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3 Simple Ways to Use Video in Your Community

Videos communicate personality, help the audience feel more connected to the people on screen, and show the faces behind the logos, avatars, and products. Since video is an inherently people-focused medium, it's ideal for online communities.

You can use video in your community in many ways—how-to videos that help your members get ahead of the game, response videos that allow members to speak face-to-face, collaborative videos where your members are the ones working together to create something amazing—the list goes on and on. In this post, I'll cover a few types of videos you can use to build your online community.

How-to videos

How-to videos give your community members a chance to show off their skills and help others achieve their goals, whether those be passing a hard level in a video game or setting up a marketing workflow. Whatever your community focuses on, a how-to video will engage your members, inspire conversation, and most importantly, bring folks closer together around their interests.

Encourage your community members to make how-to videos by making them yourself. At Wistia, we make how-to videos about scripting, editing, using DSLR cameras, and so much more. These videos help establish a sense of trust between Wistia and our audience and encourage folks to come to us when they're stuck. Here's a video we made recently about how to set up a backdrop for a stop motion animation video:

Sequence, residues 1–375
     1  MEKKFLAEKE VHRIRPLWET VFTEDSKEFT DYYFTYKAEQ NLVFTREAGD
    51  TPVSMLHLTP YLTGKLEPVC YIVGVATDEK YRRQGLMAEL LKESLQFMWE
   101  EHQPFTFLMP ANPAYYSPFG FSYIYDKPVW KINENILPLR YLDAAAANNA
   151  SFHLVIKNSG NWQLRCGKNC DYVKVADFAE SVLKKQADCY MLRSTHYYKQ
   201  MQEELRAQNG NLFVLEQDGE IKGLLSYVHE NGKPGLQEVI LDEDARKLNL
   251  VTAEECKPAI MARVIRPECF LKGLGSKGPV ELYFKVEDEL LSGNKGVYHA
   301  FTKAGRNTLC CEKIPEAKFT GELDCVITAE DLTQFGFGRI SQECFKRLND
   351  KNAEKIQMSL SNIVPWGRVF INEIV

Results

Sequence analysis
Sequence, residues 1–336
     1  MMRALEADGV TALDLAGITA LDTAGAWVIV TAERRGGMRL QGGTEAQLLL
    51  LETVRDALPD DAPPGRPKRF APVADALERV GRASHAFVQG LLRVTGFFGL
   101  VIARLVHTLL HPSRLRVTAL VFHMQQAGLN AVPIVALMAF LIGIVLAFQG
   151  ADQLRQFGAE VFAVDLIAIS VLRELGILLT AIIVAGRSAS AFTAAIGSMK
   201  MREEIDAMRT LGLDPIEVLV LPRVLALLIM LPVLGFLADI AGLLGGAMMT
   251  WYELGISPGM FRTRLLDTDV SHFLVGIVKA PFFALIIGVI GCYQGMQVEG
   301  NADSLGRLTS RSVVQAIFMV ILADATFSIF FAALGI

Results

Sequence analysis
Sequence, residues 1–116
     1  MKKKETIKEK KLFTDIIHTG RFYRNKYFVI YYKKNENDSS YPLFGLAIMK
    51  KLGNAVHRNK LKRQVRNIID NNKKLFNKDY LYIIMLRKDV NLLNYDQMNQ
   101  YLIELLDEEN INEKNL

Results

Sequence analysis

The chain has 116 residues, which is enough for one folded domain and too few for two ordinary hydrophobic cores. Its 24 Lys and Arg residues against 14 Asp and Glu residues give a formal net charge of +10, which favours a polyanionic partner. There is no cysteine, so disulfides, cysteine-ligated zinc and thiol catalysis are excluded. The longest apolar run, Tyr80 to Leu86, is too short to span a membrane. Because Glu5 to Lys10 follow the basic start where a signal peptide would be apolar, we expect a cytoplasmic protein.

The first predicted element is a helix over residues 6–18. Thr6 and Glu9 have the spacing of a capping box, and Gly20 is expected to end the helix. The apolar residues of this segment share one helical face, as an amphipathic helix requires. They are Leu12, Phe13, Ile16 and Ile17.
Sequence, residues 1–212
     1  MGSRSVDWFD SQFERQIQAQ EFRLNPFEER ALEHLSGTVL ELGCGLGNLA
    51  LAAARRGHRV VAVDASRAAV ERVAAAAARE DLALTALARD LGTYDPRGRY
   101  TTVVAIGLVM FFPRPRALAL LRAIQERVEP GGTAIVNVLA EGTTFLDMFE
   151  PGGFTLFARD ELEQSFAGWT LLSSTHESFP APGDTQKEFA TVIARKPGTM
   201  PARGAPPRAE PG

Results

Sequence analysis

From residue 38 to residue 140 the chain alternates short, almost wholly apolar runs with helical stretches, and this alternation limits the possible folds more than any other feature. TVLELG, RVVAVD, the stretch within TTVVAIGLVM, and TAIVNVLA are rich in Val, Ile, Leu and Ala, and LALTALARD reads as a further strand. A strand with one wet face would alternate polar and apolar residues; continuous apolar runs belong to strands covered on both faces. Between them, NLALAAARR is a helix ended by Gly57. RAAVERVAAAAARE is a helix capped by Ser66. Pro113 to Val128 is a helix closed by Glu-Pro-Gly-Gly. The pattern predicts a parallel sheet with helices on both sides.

When you share how-to videos with your community, folks will engage with one another, comment on the video, and use what they've seen. They'll learn new things and associate your community with that newfound knowledge.

Below is a video by Nick Piegari of the Wistia Community on how to focus your camera when shooting alone. This short video had almost 500 plays, and the conversations around it were priceless. The more your community members create how-to videos, the better it is for every member in that space. Knowledge is power!

 

Response videos

Having an online community can often mean that we don't see our members face-to-face. People can be scattered around world, and many won't make it to in-person events. In this case, a simple response video can make a huge impact—it allows members to see one another as human beings, and not just as avatars or profile pictures. Video makes conversations more human and real, despite the barriers of a computer screen.

You can use your iPhone or the Wistia record feature (still in beta) to record a response instead of typing one out. Simply say what you want to say and skip the typing! Then post your video in your community as a reply, or an @.

With response videos, you can laugh in real time (instead of just typing "lol", which is so boring nowadays), explain something that's hard to type out, show folks something you're working on, or even just express your thoughts on someone's post. Below is an example of a response video I made after a community member posted a recap video of our last conference in our new Slack community:

 

This video took no time at all to record, and it's organic and real. It shows personality and allows for us to connect and feel like we really know each other.

Collaborative Videos